Ready, Set, Go!

The race is on to get our nation’s kids up to speed on science. With U.S. students getting low global rankings in science and math proficiency, the need for innovative ways to interest youth in the sciences has never been more urgent.

We’re leading the way with SciGames, a new project developed by SciPlay, The Sara Lee Schupf Family Center for Play, Science, and Technology Learning. SciGames uses technology to turn playground play into interactive games. For instance, by attaching speed sensors to a common playground slide, the slide transforms into a powerful educational tool. Instead of simply racing to the bottom of the slide, kids can experiment with different variables, such as what type of material to sit on as they glide down the slide. This turns the act of sliding down a slide into a fun game that explores science concepts such as friction, and kinetic and thermal energy.

SciGames will also include the development of a mobile app that teachers and students can use to aggregate the data collected during the games on the playground and to conduct analysis of that data back in the classroom. This bridge between formal and informal learning environments is a hallmark of our initiatives to improve and reform education in science, technology, engineering and math.

As a finalist for a $3.44 million grant from the U.S. Department of Education, the SciGames project is poised to reach approximately 8,000 New York students over the next five years. We are one of only 23 foundations, museums and schools that are finalists for an Investing in Innovation Fund, or i3, grant. The i3 program supports projects that will improve student achievement or student growth, decrease dropout rates, or close achievement gaps.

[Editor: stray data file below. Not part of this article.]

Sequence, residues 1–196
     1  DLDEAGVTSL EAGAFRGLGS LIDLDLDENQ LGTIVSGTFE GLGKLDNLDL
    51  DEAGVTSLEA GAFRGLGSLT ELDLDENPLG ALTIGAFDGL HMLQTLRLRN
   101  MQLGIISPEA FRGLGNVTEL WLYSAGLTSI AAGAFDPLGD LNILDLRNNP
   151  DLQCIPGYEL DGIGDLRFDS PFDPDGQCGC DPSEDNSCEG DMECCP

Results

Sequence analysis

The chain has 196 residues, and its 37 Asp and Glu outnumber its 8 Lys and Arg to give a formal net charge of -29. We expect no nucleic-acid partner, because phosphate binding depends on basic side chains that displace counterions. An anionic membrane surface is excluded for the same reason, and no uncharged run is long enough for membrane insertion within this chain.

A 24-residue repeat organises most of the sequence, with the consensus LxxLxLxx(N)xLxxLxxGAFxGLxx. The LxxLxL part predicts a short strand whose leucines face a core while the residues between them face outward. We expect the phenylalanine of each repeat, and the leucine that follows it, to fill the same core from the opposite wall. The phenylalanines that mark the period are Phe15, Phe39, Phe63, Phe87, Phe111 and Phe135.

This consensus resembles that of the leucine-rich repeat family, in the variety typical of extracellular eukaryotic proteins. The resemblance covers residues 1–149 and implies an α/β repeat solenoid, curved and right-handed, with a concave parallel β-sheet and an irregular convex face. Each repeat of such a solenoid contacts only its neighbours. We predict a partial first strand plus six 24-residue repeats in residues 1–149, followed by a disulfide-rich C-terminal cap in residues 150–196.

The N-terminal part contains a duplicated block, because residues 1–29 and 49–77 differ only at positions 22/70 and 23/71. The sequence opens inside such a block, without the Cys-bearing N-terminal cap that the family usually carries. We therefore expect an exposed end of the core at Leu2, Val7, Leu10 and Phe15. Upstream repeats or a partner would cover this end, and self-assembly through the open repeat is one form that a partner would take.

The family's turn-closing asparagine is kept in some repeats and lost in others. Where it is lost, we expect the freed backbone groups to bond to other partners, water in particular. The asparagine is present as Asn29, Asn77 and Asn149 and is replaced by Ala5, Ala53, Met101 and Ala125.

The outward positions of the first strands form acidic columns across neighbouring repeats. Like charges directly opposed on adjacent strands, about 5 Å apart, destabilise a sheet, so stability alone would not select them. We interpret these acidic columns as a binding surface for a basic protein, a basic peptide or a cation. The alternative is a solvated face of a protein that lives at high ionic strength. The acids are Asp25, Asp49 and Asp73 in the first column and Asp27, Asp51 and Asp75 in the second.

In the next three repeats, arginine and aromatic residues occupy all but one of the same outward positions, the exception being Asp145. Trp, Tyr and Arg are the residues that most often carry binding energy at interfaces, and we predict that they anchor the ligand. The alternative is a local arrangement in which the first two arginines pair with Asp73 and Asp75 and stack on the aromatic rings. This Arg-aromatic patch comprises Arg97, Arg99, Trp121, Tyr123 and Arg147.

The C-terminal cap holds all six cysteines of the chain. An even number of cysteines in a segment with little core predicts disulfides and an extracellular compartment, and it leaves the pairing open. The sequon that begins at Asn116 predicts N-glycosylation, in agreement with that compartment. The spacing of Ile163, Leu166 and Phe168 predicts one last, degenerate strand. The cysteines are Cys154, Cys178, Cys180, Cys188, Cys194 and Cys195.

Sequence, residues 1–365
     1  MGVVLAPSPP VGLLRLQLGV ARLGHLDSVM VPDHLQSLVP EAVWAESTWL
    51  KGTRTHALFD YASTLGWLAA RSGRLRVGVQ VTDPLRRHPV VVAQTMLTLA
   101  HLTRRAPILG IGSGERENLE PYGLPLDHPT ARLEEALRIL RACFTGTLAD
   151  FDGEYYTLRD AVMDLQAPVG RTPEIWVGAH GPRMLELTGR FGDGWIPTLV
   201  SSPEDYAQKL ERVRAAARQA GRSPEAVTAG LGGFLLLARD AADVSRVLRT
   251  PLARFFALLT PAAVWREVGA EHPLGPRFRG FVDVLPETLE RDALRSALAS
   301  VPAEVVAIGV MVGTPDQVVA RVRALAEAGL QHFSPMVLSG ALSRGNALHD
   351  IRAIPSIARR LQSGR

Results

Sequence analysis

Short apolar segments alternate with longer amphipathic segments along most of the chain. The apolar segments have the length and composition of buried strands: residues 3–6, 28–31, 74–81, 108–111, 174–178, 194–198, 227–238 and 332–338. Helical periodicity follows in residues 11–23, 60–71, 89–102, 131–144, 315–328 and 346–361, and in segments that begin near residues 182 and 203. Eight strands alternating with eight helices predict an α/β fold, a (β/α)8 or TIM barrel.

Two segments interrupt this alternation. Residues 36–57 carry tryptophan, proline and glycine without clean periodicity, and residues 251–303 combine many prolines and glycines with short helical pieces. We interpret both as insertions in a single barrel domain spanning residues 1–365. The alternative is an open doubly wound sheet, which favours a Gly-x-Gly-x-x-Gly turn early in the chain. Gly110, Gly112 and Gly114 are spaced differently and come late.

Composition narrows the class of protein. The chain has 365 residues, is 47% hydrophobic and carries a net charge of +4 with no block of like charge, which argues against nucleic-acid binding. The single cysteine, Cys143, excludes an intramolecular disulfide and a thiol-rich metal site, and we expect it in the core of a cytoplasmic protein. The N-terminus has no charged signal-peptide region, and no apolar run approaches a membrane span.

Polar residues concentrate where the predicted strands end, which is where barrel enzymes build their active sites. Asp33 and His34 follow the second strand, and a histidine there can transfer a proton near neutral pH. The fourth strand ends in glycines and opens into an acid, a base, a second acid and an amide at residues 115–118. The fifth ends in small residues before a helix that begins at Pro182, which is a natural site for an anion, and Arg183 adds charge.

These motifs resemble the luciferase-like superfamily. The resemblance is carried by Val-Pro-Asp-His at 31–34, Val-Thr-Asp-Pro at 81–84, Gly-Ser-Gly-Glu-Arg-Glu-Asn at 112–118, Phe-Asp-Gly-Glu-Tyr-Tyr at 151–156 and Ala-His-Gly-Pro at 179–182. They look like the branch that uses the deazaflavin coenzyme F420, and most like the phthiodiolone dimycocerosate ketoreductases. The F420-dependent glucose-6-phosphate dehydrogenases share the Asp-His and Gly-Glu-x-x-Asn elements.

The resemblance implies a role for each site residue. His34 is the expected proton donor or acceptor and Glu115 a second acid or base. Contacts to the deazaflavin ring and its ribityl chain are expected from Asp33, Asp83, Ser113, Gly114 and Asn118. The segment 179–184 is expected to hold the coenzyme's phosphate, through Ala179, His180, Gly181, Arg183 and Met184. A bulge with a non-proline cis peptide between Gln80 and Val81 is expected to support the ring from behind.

So get ready. If the kids get high marks in this race, we’ll all wind up winning.

A swing + falling water = Waterfall Swing

The Waterfall Swing is a 19’ tall steel swing set with a computer controlled interactive water plane, capable of making shapes and text. Using water released from solenoid valves, a plane is created in front of the swing rider, a sensor tells the machine the rider’s position as shapes and messages descend around the rider’s path.

Check out the Waterfall Swing this weekend at World Maker Faire, NYC.

Playful Learning at NYSCI

Linear Motion Animation Still

NYSCI educators will be testing three educational games this June and July. Produced by SciPlay, NYSCI’s Sara Lee Schupf Family Center for Play, Science, and Technology Learning, the games will be prototyped with middle school students, and will eventually be adapted for use in NYSCI’s Science Playground.

The goal of the games is to have the students use experimentation to understand science concepts such as rotational and linear motion, force, velocity, friction, and kinetic and potential energy. In the Rotational Motion Game, kids explore circular motion by moving a small bowling ball in a circle using a mallet, while a camera and projector track and display the ball’s path. In the Cart Activity Game, students are challenged to create either constant velocity or acceleration by pushing a cart on a linear track. In the Slide Game, light sensors positioned at the top and bottom of a playground slide help calculate each student’s speed down the slide, allowing participants to investigate friction, and kinetic and potential energy.

The three games are part of research about playful learning that is at the core of SciPlay. SciPlay aims to create hands-on experiences that instill an understanding of science, technology, engineering and mathematics (STEM). The activities created as a result of prototyping sessions and other research at SciPlay will be adapted for use in classrooms and playgrounds throughout the country.

Recent Press

Giant Spider Web at the Science PlaygroundNYSCI has been the focus of much media interest over the past month. Just this week, the Daily News reported on the $2 million award we received from Google to launch the Global Science Technology Initiative. Earlier this month, the Daily News also covered the kickoff planning meeting for World Maker Faire 2011.

The New York Times featured NYSCI’s Science Playground in an April 15 article about the most extraordinary play spaces in New York City. And the April 23 edition of the Times quoted both Margaret Honey and Maker Faire’s Dale Dougherty in an article about online instructions for do-it-yourself kits.